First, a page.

How are agency nurses being treated in San Francisco?

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    How are agency nurses being treated here in San Francisco (particularly CPMC, St. Mary's)? I've been a meg/surg RN, BSN for 4.5 years. Recently moved to San Francisco in January 2011 d/t spouse's new job. I will be doing some per diem agency assignments b/c I am having a hard time getting a staff RN position in SF and the bay area. I've only had one CPMC manager call me for an interview since February, otherwise, no calls from the almost 50 online applications that I've submitted. Anyway, I am not too worried about getting enough hours or being cancelled as a per diem agency RN. I am more concerned about getting used to hitting the floor without much orientation. Any advice for me? Please and thank you!
  2. 9 Comments so far...

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    Currently I am in a county hospital in the East Bay as a traveler and I love it. There are several agency nurses there and they have shared that they are getting more than enough work. Compensation is high and I think that offsets any negative aspects. Be open minded and make the best of it.
    Best wishes.
    sn03 likes this.
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    I'm sorry that I don't have information with regards to your question. I just want to add my "two cents" that I am surprised that with 4.5 years med/surg experience you are having trouble finding a staff position. It just doesn't add up...hospitals do not staff adequately and then use agency nurses which are more expensive. How do they save money that way?
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    Quote from aNaders_RN
    I'm sorry that I don't have information with regards to your question. I just want to add my "two cents" that I am surprised that with 4.5 years med/surg experience you are having trouble finding a staff position. It just doesn't add up...hospitals do not staff adequately and then use agency nurses which are more expensive. How do they save money that way?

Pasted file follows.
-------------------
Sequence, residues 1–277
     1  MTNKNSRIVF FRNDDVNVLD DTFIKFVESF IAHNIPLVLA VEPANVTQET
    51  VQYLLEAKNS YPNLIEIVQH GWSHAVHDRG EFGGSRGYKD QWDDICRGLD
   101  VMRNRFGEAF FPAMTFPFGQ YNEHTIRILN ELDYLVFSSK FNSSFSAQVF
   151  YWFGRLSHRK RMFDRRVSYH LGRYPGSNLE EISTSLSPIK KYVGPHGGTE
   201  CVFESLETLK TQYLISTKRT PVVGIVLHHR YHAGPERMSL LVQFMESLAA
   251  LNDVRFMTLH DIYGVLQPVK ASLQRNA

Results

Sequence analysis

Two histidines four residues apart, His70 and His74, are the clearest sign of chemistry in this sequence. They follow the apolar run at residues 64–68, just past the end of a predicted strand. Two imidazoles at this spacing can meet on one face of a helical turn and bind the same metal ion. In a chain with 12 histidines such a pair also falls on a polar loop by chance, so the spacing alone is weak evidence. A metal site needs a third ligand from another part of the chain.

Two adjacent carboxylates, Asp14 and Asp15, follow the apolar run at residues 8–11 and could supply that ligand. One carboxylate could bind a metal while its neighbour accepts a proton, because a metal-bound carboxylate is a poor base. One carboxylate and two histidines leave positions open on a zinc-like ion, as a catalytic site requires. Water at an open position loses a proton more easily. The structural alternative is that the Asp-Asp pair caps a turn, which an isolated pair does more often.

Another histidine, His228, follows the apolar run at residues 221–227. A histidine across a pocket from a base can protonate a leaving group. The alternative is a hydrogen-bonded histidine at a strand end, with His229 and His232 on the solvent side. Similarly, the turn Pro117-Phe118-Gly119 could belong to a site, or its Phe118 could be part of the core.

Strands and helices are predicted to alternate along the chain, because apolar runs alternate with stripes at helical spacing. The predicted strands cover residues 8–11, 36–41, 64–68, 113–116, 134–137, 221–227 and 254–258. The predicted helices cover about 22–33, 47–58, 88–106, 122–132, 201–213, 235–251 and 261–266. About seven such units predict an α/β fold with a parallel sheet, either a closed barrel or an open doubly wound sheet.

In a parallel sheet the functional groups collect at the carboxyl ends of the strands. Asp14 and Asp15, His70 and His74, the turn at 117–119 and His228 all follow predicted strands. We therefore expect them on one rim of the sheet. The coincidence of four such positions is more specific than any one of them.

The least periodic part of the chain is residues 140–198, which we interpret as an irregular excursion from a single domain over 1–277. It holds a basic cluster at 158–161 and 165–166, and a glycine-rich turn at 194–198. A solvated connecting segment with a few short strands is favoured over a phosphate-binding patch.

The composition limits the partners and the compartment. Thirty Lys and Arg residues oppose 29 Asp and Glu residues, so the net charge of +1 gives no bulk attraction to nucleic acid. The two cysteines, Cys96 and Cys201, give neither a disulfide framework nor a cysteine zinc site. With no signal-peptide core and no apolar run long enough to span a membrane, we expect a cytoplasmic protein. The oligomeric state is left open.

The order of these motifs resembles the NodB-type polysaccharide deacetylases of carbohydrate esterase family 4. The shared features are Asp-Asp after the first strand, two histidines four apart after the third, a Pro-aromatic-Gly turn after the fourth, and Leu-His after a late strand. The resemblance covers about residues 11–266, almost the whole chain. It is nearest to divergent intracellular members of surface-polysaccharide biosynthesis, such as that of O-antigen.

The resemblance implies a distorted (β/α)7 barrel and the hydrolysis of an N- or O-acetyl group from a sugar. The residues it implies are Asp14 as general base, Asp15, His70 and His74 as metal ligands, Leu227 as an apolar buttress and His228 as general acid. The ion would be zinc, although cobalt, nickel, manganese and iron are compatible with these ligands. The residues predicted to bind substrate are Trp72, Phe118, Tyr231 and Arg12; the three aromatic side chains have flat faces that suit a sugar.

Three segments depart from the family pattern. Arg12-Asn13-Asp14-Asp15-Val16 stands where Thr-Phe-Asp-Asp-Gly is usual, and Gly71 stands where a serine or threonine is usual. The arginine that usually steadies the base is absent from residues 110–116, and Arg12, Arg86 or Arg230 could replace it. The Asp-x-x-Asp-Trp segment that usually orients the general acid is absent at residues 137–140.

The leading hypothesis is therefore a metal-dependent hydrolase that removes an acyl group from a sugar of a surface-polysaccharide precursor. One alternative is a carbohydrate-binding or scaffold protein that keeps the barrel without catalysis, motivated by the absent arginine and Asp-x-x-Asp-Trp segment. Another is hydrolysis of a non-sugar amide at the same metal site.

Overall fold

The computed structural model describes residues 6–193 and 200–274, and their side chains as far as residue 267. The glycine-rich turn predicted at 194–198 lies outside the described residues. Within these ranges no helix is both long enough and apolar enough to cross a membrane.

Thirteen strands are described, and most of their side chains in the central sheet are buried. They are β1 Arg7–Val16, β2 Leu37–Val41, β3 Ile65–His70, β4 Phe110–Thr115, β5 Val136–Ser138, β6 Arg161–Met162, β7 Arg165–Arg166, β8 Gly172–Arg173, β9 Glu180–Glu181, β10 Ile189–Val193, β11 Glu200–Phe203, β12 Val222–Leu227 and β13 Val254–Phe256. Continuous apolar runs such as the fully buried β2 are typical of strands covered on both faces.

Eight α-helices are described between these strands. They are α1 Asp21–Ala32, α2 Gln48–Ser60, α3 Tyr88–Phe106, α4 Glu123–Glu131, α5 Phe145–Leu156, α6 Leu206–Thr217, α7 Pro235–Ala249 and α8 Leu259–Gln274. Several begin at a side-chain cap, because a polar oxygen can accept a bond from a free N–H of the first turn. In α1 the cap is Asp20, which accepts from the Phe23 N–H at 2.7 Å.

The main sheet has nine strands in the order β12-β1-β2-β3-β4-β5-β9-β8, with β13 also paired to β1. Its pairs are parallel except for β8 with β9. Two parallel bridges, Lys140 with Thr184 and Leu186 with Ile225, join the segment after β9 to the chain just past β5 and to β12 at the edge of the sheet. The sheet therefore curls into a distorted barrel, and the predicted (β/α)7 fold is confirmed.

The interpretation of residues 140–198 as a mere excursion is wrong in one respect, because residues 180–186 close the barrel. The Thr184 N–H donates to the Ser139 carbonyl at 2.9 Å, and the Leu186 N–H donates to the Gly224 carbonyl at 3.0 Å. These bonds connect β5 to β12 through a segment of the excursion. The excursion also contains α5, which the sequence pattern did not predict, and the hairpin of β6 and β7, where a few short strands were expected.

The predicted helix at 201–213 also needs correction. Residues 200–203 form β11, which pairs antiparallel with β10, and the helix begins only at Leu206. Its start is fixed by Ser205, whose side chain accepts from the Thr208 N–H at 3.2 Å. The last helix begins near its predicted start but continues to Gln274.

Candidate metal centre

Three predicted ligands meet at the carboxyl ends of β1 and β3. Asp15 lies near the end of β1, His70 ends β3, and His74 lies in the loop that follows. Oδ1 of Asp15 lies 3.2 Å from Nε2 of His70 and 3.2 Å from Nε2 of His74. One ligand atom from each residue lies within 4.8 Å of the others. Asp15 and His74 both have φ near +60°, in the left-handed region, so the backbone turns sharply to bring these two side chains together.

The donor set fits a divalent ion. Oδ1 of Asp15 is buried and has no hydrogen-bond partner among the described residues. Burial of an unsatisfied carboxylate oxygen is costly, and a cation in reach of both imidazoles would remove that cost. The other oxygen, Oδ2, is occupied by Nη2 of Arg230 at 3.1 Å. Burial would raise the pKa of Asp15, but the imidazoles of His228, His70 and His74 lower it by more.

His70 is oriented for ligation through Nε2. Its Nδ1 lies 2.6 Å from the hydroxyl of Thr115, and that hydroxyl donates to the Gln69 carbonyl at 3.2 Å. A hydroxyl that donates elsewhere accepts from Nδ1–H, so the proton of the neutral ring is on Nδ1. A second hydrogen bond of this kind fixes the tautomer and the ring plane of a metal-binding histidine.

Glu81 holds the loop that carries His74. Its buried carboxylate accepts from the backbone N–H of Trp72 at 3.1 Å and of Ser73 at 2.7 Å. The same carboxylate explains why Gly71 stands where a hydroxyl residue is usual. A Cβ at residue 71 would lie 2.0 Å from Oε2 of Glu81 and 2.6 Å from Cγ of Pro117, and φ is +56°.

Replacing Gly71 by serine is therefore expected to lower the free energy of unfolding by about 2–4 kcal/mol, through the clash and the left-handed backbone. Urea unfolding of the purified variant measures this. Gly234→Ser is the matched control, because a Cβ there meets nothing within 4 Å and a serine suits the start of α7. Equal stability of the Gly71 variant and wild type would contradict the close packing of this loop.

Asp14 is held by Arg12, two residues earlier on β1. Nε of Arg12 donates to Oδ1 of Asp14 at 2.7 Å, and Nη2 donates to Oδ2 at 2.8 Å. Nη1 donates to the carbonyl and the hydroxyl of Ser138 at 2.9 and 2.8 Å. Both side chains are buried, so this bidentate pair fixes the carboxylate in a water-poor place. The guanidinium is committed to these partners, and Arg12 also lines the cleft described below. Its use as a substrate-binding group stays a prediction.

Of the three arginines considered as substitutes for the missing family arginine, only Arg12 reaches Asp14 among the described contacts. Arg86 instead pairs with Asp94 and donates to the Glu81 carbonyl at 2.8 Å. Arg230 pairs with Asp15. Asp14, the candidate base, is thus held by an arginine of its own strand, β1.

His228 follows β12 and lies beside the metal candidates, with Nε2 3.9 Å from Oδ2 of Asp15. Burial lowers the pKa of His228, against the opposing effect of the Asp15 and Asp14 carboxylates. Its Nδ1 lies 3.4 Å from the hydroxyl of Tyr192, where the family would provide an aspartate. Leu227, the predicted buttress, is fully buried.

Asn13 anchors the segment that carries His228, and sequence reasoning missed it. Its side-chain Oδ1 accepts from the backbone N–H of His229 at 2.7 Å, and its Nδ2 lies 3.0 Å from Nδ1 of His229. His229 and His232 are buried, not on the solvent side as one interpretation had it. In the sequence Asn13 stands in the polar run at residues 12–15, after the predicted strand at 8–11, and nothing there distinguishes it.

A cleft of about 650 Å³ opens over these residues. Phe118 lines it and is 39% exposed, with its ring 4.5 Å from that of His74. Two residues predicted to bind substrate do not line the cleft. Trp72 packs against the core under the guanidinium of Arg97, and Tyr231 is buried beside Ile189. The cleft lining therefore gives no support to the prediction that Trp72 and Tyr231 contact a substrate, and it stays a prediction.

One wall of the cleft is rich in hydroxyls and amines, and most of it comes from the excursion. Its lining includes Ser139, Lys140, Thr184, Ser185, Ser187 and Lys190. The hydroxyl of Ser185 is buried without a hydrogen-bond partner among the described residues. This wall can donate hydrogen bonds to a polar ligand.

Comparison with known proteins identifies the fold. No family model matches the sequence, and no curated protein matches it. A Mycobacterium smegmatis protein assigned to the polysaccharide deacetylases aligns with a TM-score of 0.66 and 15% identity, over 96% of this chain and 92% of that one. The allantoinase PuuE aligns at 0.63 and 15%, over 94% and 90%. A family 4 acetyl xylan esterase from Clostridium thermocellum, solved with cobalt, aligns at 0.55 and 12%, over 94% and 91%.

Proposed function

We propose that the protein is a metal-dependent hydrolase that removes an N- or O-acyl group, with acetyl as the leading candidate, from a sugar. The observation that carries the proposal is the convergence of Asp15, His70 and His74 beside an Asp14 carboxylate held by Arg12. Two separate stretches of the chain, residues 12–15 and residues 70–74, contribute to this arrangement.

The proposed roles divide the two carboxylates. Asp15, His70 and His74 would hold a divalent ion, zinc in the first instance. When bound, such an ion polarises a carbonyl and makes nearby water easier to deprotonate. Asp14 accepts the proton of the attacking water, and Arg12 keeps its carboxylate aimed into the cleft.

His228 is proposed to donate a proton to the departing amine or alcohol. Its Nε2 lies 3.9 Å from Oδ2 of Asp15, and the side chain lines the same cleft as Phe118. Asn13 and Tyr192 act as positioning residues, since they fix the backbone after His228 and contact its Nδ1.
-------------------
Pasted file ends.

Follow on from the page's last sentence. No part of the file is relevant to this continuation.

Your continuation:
We don't have work here in the Bay Area. We've had several hospital closures, which has lead to a back log of jobs. There isn't enough work to go around unless you are working in nonacute care environments (I am). People with acute care jobs are holding on to them tightly.
    caliotter3, Art_Vandelay, and sn03 like this.
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    Quote from aNaders_RN
    I'm sorry that I don't have information with regards to your question. I just want to add my "two cents" that I am surprised that with 4.5 years med/surg experience you are having trouble finding a staff position. It just doesn't add up...hospitals do not staff adequately and then use agency nurses which are more expensive. How do they save money that way?
    Yes, I am quite surprised and depressed at the same time with my situation. I don't have any criminal record or any restriction on my RN license. I have good work ethics, a clean record. My guess is that I have a lot of competition and perhaps there are nurses out there with more years of experience?? My previous manager and co-workers are also surprised that it has taken me this long to land a staff position here in SF/bay area (even if it's a per diem staff position). Thanks for your two cents